In regard to the recent Henry Louis "Big Entitlement Baby" Gates, Jr. vs. professional police officer case, what did the officer do wrong, what should have been done differently? If the objective is to learn and improve, democrats should provide specifics to their complaints.

It is dangerous for a police officer to respond to a call of a possible burglary in progress. The ruling class has taken down from the web the signed report of the event by the police officer in question. When I read it, I did not see anything that the officer did wrong.

Steve Sailer has a good blog post on the subject:
http://isteve.blogspot.com/2009/07/w...-thoughts.html

Here is the police report the BG took down from its site:
http://www.amnation.com/vfr/Police%2...s%20arrest.PDF

( also, if you go to Sailer's site, there is interesting reading on how Asian HS students appear to be gaming the quota and requirement system and are crowding out whites from the California University system.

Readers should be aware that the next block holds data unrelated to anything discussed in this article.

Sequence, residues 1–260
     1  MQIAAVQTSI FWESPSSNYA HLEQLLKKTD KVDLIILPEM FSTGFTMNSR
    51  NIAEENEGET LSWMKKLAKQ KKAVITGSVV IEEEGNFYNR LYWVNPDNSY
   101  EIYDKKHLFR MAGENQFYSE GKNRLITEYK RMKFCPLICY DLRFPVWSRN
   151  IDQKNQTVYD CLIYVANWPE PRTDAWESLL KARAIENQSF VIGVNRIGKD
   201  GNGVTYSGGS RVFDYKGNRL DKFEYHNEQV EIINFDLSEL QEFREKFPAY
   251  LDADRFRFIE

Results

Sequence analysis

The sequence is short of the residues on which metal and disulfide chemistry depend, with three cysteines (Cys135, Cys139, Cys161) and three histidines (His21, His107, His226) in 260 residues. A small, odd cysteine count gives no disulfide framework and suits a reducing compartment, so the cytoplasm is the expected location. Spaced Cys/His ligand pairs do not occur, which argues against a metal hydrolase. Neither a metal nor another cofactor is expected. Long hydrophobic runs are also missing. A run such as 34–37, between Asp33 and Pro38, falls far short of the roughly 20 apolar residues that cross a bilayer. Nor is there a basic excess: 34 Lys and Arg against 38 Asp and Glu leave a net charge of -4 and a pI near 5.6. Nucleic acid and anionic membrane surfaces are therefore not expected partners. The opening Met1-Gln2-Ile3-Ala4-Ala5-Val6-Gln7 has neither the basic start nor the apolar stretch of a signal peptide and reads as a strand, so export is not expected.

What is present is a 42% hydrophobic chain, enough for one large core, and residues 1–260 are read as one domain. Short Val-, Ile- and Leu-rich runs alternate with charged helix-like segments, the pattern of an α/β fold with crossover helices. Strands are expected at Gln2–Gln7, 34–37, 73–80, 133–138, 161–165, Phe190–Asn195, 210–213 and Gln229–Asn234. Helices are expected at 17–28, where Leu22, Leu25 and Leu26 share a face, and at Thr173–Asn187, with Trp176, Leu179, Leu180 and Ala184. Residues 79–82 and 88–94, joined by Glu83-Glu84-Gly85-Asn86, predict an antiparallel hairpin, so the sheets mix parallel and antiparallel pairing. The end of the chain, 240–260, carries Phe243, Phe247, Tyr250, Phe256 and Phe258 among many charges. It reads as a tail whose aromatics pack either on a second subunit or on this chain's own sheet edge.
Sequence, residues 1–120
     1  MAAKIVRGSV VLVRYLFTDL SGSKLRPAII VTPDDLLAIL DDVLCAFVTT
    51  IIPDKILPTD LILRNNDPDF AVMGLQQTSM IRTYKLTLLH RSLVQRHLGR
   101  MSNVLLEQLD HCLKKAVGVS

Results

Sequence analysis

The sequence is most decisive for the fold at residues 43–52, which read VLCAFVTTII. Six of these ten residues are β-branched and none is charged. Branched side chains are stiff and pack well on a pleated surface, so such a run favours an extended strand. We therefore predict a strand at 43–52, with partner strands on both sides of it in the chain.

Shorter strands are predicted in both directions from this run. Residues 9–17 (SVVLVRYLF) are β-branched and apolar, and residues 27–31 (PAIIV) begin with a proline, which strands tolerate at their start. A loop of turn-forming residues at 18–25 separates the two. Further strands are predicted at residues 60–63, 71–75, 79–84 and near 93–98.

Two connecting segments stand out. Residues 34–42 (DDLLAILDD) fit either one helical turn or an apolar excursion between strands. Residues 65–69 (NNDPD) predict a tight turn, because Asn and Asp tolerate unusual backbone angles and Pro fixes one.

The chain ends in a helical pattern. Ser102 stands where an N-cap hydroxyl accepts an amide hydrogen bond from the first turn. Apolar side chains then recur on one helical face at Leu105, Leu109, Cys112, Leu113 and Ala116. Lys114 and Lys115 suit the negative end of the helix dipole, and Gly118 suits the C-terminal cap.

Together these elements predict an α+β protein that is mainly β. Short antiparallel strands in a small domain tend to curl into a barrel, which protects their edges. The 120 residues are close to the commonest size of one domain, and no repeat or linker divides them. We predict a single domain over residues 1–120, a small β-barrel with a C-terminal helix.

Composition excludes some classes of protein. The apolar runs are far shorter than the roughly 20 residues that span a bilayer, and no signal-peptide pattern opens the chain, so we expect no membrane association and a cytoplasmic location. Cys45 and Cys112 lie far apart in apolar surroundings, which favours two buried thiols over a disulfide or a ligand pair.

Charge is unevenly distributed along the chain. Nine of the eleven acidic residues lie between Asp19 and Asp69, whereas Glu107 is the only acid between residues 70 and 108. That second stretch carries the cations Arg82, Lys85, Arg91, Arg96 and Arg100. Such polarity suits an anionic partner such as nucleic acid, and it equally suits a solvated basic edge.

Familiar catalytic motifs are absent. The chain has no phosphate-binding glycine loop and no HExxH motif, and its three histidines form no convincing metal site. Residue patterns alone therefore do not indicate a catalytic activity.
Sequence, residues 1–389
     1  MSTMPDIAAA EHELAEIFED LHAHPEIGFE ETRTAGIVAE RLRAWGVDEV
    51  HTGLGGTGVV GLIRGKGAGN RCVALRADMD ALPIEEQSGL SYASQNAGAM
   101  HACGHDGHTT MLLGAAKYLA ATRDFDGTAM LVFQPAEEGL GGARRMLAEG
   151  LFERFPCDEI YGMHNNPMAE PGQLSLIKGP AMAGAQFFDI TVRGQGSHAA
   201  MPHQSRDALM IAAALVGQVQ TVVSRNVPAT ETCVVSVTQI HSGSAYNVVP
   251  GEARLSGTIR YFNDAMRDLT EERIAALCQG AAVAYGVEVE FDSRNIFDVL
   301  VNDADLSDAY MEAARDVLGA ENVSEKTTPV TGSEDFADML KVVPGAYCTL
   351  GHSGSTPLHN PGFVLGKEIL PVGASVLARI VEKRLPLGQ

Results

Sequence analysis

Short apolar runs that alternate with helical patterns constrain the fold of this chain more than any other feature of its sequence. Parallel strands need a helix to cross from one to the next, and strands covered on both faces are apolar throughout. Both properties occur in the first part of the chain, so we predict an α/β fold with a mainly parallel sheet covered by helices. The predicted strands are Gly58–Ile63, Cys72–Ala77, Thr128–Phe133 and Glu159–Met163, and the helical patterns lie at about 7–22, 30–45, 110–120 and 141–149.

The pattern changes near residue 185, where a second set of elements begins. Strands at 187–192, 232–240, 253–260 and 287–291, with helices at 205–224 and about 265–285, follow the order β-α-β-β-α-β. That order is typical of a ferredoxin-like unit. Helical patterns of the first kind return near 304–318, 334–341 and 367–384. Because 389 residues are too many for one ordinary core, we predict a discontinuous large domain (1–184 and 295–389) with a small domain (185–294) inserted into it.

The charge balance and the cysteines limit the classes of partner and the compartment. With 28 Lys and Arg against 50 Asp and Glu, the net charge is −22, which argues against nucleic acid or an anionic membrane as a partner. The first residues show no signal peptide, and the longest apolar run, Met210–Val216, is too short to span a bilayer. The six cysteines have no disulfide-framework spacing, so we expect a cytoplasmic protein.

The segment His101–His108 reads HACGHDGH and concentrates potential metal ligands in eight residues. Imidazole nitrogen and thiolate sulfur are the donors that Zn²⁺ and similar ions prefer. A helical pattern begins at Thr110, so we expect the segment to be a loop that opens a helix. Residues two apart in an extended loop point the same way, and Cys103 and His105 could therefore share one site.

http://isteve.blogspot.com/2009/07/h...-your-kid.html

"...Asians tend to be harder working, more organized, more conformist, and more devoted to gaming the system. In contrast, white Americans tend to have a touching faith that experts have no doubt devised fair methods for selection, so it wouldn’t be sporting to try to find an edge … an assumption that immigrants find most amusing. ..."
)
Reply With Quote
  #15  
Old 07-22-2009, 01:53 PM
popcorn_karate popcorn_karate is offline
 
Join Date: May 2007
Posts: 1,644
Default Re: what did the police officer do wrong?

the cop had been shown ID and knew Gates was in his own home before he called yet more cops to the scene. Shouldn't he have offered an apology and left when it was obvious that he was trespassing in someone's home?

Gates was then arrested for "yelling" - on his own front porch. wtf
Reply With Quote
  #16  
Old 07-22-2009, 02:57 PM
claymisher claymisher is offline
 
Join Date: Mar 2008
Location: Newbridge, NJ
Posts: 2,673
Default Re: what did the police officer do wrong?

Quote:
Originally Posted by popcorn_karate View Post
the cop had been shown ID and knew Gates was in his own home before he called yet more cops to the scene. Shouldn't he have offered an apology and left when it was obvious that he was trespassing in someone's home?

Gates was then arrested for "yelling" - on his own front porch. wtf